George Barna lets us know that Boomers’ enthusiasm for church is waning in their old age:
Meanwhile, as Boomers have aged, they have been slowly distancing themselves from both conventional religious behaviors and beliefs – the typical expectation-breaking pattern we have come to expect from Boomers. (Just as they are reluctant to accept 65 as a reasonable or required age for retirement, so are they bucking the religious system regarding what to believe and carry out their beliefs.)
It’s amazing that a generation which is approaching eternity more rapidly than ever would ostensibly bail on their only hope out of it. But that’s the Boomers for you.
Although Barna attributes this to the Boomers’ counter-intuitive ways, there’s another culprit that needs to be identified: the simple fact that Boomers have run the church for all of these years. Or better, perhaps, they have run it in the ground, the same way they’ve done with the country at large. After a strong opening with such things as the “Jesus Music era,” they’ve gone on with such things as Gothardian authoritarianism (and that includes covenant communities), grandiose building schemes, prosperity teaching, misuse (or non-use) of emerging technologies, excessive accommodation of the culture to inflate membership and revenue, and endless attempts in one way or another to “take the city (or the country) for Jesus,” none of which were backed up by sufficient conviction to finish the job. The result we have now is a church that is in serious financial straits, clueless as to how to address its current situation, and now abandoned by members of its own generation which created the problem.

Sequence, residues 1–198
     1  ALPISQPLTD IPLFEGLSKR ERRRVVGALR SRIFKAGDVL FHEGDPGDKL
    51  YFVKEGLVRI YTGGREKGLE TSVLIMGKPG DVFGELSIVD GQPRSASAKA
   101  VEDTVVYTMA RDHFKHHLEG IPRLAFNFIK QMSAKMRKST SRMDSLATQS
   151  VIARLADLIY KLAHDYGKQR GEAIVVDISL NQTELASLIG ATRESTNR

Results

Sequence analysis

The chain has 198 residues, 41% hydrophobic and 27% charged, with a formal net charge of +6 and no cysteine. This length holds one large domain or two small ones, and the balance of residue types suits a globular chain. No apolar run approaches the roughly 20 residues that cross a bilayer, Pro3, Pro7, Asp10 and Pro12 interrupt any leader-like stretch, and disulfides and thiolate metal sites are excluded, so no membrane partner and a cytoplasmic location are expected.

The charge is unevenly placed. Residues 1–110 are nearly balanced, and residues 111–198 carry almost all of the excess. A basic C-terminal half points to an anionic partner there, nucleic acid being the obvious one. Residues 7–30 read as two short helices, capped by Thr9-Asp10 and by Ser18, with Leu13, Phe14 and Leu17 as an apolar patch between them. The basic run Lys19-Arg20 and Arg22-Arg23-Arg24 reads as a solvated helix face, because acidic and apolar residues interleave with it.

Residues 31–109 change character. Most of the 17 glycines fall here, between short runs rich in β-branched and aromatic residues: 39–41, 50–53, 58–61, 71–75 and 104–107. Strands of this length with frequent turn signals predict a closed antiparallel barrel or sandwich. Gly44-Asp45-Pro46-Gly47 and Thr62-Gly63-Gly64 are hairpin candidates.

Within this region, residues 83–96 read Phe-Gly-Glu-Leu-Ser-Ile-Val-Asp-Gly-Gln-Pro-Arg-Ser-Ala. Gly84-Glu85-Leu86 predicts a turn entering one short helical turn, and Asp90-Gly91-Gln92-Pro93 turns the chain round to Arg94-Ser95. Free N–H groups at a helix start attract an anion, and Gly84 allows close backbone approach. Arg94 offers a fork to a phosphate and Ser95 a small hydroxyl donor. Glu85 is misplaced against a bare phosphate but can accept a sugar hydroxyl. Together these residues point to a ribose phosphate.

If we cannot hold our own generation, how can we expect to hold the ones down the road? The first step is to do now what Jimmy Buffett did in Margaritaville a long time ago: finger the culprit.